It is important to take agreements between researchers into account when there are multiple researchers involved in a project.

Agree on clear roles, responsibilities, and tasks for each member of the research project. It is important to decide who has the right to make a deposit agreement. If you want the data to be available for reuse by permission only, agree on who decides on granting the permissions.

7. Check whether the data contain copyrighted material

Material protected by copyright can include newspaper clips, literature, videos, or works of art, but it can also consist of material collected from the research participants, such as textual material.

If you wish to archive copyrighted material, you must obtain permission from the owner of the copyright. Furthermore, public presentation of copyrighted material without permission is forbidden. However, this does not include presentations, such as seminars, regarding your own research.

8. Make sure that the research participants are adequately informed

Adequate informing of the participants is especially important when personal data is processed during the research. Informing the research participants is an obligation set out in the Personal Data Act, and must be taken seriously.

The aim is to inform the participants about what they are agreeing on if they decide to participate in the research. What is the research all about? Why are certain questions being asked? What information is gathered and how? The format of informing may vary, and it can be either written or oral.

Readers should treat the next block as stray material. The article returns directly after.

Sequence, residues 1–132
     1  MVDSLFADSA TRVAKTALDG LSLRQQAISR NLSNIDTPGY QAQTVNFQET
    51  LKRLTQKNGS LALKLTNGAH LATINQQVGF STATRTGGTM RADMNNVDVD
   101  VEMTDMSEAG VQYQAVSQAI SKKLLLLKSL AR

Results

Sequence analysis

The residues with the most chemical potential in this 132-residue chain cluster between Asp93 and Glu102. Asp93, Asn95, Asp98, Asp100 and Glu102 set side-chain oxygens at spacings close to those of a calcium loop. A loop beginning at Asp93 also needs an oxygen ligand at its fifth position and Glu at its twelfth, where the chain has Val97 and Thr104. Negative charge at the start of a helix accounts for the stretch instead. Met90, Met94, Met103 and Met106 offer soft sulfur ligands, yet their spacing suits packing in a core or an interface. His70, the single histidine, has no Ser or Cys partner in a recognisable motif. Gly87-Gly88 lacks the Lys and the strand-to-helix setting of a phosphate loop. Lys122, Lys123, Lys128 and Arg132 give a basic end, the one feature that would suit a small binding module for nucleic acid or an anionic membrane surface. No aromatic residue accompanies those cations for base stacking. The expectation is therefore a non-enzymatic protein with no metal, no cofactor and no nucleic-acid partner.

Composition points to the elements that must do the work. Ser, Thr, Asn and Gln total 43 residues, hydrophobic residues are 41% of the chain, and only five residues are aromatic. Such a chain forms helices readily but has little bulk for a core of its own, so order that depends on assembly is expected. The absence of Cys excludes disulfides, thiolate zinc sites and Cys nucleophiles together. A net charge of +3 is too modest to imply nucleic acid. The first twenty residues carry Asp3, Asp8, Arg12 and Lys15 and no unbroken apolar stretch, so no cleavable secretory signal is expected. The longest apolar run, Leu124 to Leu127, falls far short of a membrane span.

If you are planning to archive your research data, the research participants must be informed on where the data will be archived, in what form it is going to be deposited for archiving, for what purposes the data containing personal identifiers can be used, who controls the reuse of the data, and what the terms and conditions for the use of the data are.

9. Think thoroughly about anonymization

Personal data should not be collected needlessly. However, if personal data is collected, unnecessary personal identifiers must be removed from the data whenever possible. When collecting data that will contain personal data, filling in the Description of the scientific research data file is required.

It is a good idea to create a specific anonymization plan. The plan can detail what kind of information must be removed from the data so that the confidentiality of the participants is not endangered, while still keeping the data intelligible.

Special care must be taken when processing and storing data containing personal identifiers. For example, personal data must never be stored in cloud services!

All personal data must be completely destroyed when they are no longer needed and there is no legal basis for storing them.

10. Take care to not lose the data

Creating backups of the data is important already during the research. You should regularly create copies of your data during the study. After the study is completed, this becomes even more important if the data stays with the researcher.

The most reliable way to store your data is archiving. The Academy of Finland recommends that you store your data in repositories such as the FSD, The Language Bank of Finland, or services of the Open Science and Research project.

Source: Katja Fält’s presentation on data management in the Kesytä Aineistokaaos – seminar on 9.11.2016.

» More information: FSD Data Management Guidelines.